A.N. Varma, J.
1. This revision is directed against an order passed by the III Additional District Judge, Allahabad recalling an earlier order passed by him on 28-1-1978, by which he had directed that the specimen signature of Amrit Lal, the defendant in the suit, be taken in court.
2. It appears that after the aforesaid order dated 28-1-1978 had been passed it was brought to the notice of the Court that there were already on the record three signatures of the defendant, which were taken before the court and that, therefore, there was no necessity for fresh signatures. The applicant challenges the correctness of the above order by way of a revision under Section 115 of the Code of Civil Procedure.
3. I find no merits in this revision. In the first place, the court has committed no jurisdictional error in passing the impugned order. Secondly, the order under revision is not 'a case decided' within the meaning of Section 115 of the Code of Civil Procedure. Thirdly, even on merits the order seems to be correct.
4. Learned counsel, relying on Section 73 of the Evidence Act, contended that the signatures, to which reference has been made by the court below were not admitted by the applicant to be those of the defendant, and that, therefore, these signatures could not be directed to be compared with the signatures which are in dispute. I cannot agree. Section 73 of the Evidence Act, in so far as it is relevant for our purposes, reads as under :--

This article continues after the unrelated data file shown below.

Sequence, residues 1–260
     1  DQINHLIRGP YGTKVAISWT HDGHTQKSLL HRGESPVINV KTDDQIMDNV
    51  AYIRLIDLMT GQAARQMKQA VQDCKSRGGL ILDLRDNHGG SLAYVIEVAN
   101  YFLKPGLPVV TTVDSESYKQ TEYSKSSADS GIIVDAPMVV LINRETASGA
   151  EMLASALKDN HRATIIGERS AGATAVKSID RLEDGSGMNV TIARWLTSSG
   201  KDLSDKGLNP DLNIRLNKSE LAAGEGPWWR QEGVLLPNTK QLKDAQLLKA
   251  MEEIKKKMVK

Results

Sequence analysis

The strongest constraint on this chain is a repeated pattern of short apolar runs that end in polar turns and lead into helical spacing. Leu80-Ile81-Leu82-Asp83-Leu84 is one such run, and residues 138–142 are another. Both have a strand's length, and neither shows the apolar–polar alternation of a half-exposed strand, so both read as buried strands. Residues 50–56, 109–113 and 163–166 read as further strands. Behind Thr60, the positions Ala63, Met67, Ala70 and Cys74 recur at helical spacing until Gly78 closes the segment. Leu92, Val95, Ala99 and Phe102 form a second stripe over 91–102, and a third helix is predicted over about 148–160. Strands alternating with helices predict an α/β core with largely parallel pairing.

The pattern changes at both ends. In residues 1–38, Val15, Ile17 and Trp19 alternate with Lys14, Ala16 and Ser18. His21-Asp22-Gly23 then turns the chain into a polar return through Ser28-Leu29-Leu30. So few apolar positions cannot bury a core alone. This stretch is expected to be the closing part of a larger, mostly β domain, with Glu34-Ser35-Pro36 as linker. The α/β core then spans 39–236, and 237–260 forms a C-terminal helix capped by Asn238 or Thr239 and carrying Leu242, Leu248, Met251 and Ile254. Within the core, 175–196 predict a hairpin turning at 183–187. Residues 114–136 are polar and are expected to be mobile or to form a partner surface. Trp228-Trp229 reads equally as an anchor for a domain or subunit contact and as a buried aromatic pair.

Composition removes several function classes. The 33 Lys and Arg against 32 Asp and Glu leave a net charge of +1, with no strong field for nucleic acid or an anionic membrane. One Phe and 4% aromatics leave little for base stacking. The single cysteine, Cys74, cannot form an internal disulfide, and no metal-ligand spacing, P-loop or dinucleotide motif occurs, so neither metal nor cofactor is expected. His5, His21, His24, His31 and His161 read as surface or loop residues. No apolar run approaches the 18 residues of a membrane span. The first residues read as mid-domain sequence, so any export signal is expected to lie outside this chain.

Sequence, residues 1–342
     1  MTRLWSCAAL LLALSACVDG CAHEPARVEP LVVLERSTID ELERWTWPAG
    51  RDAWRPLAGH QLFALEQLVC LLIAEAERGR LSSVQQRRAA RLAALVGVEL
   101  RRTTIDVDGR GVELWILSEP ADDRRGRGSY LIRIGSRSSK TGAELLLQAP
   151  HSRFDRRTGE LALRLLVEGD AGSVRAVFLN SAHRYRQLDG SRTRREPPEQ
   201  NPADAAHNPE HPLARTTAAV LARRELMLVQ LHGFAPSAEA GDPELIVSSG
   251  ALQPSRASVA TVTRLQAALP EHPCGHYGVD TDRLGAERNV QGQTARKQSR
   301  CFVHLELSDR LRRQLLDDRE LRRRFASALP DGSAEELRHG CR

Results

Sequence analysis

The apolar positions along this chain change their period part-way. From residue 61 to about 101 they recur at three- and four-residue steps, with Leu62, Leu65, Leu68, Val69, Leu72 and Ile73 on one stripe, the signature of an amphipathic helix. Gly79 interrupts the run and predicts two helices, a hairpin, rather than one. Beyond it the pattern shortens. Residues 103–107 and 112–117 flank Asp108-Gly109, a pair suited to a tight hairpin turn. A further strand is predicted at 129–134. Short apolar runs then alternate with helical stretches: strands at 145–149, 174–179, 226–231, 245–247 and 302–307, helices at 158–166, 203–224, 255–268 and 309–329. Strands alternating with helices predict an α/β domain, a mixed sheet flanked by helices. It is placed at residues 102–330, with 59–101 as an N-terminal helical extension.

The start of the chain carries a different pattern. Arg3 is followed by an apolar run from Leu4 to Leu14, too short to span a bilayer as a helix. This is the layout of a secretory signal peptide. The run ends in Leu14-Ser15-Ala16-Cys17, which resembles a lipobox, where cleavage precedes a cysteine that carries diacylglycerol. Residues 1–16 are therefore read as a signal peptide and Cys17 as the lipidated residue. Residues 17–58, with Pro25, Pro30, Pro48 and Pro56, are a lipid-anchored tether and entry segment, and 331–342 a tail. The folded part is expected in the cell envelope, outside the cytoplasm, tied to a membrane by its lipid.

'73. Comparison of signature, writing or seal with others admitted or proved.
In order to ascertain whether a signature, writing or seal is that of a person by whom it purports to have been written or made, any signature, writing or seal admitted or proved to the satisfaction of the court to have been made, written or made by that person must be compared with the one which is to be proved, although that signature, or seal has not been produced or proved for any other purpose.'
It clearly provides that in order to ascertain whether the signature is that of the person by whom it purports to have been made, any signature which is either admitted or proved to the satisfactionof the court to have been made by that person could be compared with the one which is to be proved. It, therefore, appears that it is not only the signature which is admitted by the respondent to be that of the person whose signatures are in dispute but also those which are proved to the satisfaction of the court to have been made by that person. In the present case, the finding is that the three signatures referred to in the impugned order were made in the presence of the court. The court under these circumstances could be said to have been satisfied that the signatures existing on the record were those of the defendant and. therefore, there was no need for asking the defendant to put his signature again before the court.
5. There are no merits in this revision which is consequently dismissed. There will be no order as to costs.